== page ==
I had to go to the "doctor" so many times it was so surprise that child number one was beginning to think that something was up. We answered the questions vaguely at first but then it became quite clear that that was no longer going to work.
Breaking bad news to a child is always risky business. How much do you tell? Do you tell the truth? Do you lie? What do you say? Where do you begin? Why tell them anything at all? During my first appointment, I was given loads of information and one very helpful pamphlet answered all those questions well.
The husband and I discussed what we were going to tell child number one and we were going to simply arrange a chat. I felt very nervous about the chat. I was concerned that it would make child number one upset and, of course, that upset me. I knew we couldn't put it off any longer but I also wanted to leave it for as long as possible. Does that make sense? The family chat never came. In fact, I ended up doing it on my own. It went really well though. One afternoon, while I was cooking and child number one was sitting at the bench, the topic just came up quite naturally, and I was able to talk candidly about all that had been going on. I didn't reveal what was to happen in the future, I just told her what we knew now and what the doctor had said the very immediate next step would be. There was a great deal of reassurance and the topic soon returned to rainbows, friends and food. It was actually so easy. The script was abandoned.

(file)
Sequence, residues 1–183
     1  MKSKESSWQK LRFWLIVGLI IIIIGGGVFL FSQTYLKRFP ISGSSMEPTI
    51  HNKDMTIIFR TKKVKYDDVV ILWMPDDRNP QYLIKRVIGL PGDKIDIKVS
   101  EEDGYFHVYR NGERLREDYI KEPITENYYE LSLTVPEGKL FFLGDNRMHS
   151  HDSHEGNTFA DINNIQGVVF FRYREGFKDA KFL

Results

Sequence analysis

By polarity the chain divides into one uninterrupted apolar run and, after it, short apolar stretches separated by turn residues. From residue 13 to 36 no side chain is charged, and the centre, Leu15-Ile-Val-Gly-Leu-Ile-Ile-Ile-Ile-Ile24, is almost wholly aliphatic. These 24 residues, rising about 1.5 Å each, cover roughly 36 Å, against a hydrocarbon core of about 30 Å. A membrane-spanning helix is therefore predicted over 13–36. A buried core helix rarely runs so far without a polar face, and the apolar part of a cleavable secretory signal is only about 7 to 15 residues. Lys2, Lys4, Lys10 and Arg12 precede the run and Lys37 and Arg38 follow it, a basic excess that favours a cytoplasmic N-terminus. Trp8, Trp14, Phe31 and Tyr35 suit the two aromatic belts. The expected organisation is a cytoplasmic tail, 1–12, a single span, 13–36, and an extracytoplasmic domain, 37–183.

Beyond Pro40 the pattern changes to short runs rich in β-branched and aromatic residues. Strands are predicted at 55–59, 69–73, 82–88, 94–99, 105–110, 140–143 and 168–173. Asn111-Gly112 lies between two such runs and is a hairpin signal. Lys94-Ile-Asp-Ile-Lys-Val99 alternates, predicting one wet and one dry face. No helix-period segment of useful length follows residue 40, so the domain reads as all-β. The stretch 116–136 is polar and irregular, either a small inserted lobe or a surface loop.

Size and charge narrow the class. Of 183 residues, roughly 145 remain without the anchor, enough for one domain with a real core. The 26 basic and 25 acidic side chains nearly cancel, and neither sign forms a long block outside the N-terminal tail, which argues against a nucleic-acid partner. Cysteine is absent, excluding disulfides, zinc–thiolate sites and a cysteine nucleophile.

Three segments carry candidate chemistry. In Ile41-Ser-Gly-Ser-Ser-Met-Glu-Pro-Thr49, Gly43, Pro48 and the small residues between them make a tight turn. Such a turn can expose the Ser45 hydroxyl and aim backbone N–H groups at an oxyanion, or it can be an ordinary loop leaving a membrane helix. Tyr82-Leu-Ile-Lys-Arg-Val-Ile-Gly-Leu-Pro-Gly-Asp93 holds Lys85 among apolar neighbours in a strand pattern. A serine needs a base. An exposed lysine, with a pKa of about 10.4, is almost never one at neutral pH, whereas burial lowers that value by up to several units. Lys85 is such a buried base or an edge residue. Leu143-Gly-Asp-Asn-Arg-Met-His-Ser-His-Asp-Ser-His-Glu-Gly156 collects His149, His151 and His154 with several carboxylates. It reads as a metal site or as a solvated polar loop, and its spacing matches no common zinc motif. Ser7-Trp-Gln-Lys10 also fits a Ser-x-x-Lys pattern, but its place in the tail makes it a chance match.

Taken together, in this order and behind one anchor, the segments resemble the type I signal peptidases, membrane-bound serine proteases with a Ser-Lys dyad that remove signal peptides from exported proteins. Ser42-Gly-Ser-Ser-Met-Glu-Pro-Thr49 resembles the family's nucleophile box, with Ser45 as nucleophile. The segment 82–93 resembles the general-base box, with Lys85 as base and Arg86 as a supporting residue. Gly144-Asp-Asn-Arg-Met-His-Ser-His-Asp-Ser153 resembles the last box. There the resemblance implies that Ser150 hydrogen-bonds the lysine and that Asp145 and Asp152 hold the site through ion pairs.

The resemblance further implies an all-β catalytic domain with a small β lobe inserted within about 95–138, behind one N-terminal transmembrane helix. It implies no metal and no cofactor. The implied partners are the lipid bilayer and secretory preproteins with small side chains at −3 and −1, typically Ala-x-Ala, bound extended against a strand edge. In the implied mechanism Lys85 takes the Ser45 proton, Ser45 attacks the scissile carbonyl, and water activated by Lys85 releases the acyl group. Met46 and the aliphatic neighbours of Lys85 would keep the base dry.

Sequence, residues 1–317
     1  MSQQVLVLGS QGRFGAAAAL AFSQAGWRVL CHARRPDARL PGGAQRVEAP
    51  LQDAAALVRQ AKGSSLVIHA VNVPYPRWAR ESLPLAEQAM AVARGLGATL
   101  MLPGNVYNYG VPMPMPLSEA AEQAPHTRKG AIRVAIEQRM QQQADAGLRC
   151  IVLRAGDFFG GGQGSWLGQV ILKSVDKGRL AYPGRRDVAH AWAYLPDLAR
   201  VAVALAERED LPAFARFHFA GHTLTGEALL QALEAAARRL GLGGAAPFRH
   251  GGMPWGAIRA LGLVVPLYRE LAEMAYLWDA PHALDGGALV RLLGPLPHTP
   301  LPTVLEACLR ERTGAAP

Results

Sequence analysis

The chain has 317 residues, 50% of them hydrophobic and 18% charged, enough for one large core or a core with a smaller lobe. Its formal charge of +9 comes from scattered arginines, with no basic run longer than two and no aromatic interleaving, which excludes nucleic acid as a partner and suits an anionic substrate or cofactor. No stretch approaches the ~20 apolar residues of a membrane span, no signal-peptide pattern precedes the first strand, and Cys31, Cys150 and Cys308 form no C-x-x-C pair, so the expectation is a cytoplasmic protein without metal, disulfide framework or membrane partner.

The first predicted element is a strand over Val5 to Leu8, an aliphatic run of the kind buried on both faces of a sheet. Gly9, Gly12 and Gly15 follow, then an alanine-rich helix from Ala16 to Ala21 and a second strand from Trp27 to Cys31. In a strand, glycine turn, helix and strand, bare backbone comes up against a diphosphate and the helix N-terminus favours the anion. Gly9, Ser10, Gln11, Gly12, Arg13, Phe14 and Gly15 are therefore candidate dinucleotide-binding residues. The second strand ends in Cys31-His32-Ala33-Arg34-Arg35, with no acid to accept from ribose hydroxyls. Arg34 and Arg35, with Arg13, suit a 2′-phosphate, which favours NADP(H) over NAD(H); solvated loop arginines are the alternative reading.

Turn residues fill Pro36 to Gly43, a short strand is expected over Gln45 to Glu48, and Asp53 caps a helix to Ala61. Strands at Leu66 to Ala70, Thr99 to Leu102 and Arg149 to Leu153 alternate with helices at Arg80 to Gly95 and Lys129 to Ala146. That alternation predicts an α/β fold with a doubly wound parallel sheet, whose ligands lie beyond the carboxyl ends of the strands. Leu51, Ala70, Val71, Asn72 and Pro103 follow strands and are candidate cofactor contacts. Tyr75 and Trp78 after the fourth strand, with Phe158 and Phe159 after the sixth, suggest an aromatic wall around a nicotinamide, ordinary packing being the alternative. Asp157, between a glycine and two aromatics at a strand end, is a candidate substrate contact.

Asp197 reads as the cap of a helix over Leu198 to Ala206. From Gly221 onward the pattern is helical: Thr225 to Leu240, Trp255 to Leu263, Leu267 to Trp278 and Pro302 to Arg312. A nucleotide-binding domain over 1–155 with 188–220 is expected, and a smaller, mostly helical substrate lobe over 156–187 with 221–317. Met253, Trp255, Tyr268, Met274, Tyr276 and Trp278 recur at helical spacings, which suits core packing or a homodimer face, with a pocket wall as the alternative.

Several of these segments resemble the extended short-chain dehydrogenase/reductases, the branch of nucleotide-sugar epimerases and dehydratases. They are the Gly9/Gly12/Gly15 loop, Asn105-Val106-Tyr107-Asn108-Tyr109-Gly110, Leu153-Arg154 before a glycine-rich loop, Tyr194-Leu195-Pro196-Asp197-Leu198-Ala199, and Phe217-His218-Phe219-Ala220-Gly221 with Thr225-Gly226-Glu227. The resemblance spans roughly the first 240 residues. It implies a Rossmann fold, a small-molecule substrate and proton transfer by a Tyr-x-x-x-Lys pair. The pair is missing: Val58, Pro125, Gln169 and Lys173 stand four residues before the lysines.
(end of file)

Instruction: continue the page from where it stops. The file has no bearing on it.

And, that is how we foretell the whole procedure to be, one step at a time, with lots of hugs and reassurances that having a lump had absolutely nothing to do with anything good or bad in child number one's world.
I would like to share one funny little story story though, before I finish up. Child number one enjoys putting ticks against correct answers and crosses against incorrect answers. So, the day I came home with a thick purple cross on my armpit child number one was furious with the doctors! The cross had come about when, the day before the operation, I underwent a procedure (most painful four needles I have EVER experienced in my life) where the sentinel lymph node needed to be identified. To show the surgeons where the hot node was, they drew a cross; this is what child number one saw in my armpit. No matter how I explained it child number one just couldn't understand why the doctors hadn't given me a tick...So sweet!
Ultimately, all a child wants to know is that they are loved and that they will be loved forever. That I have breast cancer and all the stuff that goes with it is inconsequential to child number one's absolute need for love. I think it's actually that simple.